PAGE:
What becomes clear is that the exclusion of various forms of diagnostic methods (and as stated, therapeutic methods) from patent protection, highlights the importance of obtaining patent protection to the products of diagnostic processes, or the reagents that are used in these processes or therapeutic methods. This would seem to be the only way to monopolise a diagnostic or therapeutic method where the relevant method itself cannot be protected by patent. 

It is clear in the above Table that the relevant Malaysian and Philippine provisions do not preclude patenting of products used in diagnostic and therapeutic methods (which would seemingly leave open the potential to obtain patent protection for isolated naturally occurring gene sequences), and none of the statutes expressly state that an isolated naturally occurring gene sequences is patent ineligible. 

Having said this, many of these statutes preclude patenting of ‘discoveries’ and many contain the wording of TRIPS Art 27.2. The latter enables signatories to exclude from patentability inventions, the prevention within their territory of the commercial exploitation of which is necessary to protect ordre public or morality including to protect human, animal, or plant life or health or to avoid serious prejudice to the environment.

Presently there is no case law on whether a claim to an isolated form of a nucleic acid is likely to take the relevant molecule outside the realm of discovery. There is an indication in the Malaysian Patent Examination Manual5 that this is likely to be so. 

Further, there is no case law on the likelihood of patent protection for an isolated form of a naturally occurring gene sequence being considered contrary to the ordre public. The Malaysian Patent Examination Manual6 identifies various examples of such subject matter, but none relate to biotechnology innovations. Further, according to the Manual: “this provision is likely to be invoked only in rare and extreme cases”.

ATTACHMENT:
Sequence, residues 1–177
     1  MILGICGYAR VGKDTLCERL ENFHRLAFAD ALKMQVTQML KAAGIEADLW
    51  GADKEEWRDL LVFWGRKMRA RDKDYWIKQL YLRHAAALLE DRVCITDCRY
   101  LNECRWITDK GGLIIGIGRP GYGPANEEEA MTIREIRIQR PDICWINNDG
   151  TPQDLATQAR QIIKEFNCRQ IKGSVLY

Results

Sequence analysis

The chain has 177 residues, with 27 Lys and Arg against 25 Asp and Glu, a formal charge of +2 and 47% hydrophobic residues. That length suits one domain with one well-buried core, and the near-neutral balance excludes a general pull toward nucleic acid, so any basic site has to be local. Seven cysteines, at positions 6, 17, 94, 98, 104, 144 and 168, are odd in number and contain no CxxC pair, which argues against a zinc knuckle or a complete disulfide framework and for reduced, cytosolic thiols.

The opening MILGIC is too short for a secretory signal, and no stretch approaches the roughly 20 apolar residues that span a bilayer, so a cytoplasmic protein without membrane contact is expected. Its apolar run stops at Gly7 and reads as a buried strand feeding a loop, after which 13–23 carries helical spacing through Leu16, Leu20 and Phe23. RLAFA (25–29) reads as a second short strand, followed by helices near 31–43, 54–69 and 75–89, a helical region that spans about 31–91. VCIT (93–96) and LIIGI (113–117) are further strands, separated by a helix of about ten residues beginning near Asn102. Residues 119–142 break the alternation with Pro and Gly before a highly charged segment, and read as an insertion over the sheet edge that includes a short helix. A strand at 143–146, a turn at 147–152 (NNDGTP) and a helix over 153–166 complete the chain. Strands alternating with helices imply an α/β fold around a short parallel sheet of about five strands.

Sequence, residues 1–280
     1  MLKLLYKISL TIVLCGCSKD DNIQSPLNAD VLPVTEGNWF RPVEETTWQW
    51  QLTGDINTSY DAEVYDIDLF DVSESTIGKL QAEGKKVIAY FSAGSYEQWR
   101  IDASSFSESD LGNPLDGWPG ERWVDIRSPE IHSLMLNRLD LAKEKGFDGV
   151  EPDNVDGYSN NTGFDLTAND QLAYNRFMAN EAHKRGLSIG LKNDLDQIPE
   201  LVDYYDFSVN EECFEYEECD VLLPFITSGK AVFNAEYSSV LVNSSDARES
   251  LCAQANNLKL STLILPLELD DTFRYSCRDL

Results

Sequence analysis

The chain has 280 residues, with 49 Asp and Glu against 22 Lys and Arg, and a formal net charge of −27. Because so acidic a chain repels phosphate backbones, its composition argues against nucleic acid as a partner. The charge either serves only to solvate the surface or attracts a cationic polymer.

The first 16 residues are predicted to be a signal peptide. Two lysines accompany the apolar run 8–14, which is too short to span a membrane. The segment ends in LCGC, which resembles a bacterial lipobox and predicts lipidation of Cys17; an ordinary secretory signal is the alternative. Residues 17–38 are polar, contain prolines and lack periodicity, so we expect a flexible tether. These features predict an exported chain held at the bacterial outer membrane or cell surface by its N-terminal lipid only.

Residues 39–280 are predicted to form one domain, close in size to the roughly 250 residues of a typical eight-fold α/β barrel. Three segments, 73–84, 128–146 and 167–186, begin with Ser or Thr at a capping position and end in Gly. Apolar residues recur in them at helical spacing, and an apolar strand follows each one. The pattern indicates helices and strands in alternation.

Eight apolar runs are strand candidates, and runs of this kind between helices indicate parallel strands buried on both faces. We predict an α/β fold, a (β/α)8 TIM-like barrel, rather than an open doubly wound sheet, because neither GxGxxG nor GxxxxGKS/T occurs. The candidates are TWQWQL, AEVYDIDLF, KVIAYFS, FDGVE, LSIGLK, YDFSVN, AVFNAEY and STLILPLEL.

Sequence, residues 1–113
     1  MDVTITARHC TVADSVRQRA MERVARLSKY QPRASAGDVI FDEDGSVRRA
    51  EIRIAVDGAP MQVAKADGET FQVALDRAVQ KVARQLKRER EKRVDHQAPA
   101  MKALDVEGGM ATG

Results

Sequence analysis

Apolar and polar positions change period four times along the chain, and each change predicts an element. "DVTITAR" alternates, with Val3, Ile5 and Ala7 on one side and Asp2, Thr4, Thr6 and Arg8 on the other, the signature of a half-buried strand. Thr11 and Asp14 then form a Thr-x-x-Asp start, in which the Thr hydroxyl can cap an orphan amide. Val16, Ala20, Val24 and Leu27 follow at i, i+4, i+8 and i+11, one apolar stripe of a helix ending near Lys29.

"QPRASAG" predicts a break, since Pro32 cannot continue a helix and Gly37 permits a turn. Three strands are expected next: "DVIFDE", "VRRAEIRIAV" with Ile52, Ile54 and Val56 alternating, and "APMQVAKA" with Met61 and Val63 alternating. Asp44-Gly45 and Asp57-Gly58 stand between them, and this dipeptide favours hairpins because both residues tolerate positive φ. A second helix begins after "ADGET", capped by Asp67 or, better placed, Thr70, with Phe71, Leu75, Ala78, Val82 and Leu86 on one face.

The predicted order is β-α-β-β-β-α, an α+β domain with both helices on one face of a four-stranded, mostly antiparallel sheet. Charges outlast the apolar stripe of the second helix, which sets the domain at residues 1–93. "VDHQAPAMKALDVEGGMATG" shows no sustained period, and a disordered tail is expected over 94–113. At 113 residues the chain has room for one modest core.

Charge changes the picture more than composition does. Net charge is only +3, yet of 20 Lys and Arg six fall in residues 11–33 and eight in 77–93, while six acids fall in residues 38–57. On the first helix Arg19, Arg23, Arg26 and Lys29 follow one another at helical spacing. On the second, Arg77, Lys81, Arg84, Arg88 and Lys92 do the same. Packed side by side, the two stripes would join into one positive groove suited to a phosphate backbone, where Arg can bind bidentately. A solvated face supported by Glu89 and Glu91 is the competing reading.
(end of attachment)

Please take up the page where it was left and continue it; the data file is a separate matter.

Finally, presently  the relevant patent offices continue to allow claims directed to isolated nucleic acids having naturally occurring sequences. Given the paucity of litigation, it is too early to know whether this subject matter is patent eligible in these countries, but there are some indications that that this may be so.

  1. Cancer Voices Australia v Myriad Genetics Inc [2013] FCA 65
  2. Biosite Incorporated’s Application 532625 (P31/2007)
  3. Howard Florey Institute [Relaxin], V8/94 Relaxin, OJ EPO 6/1995
  4. Merck & Co Inc v Pharmaforte Singapore Pte Ltd [2000] SGCA 39
  5. MyIPO Guidelines for Patent Examination, paragraph 3.1
  6. MyIPO Guidelines for Patent Examination, paragraph 4.1

 

Written by:

FPA Patent Attorneys
Contact
more
less

FPA Patent Attorneys on:

Readers' Choice 2017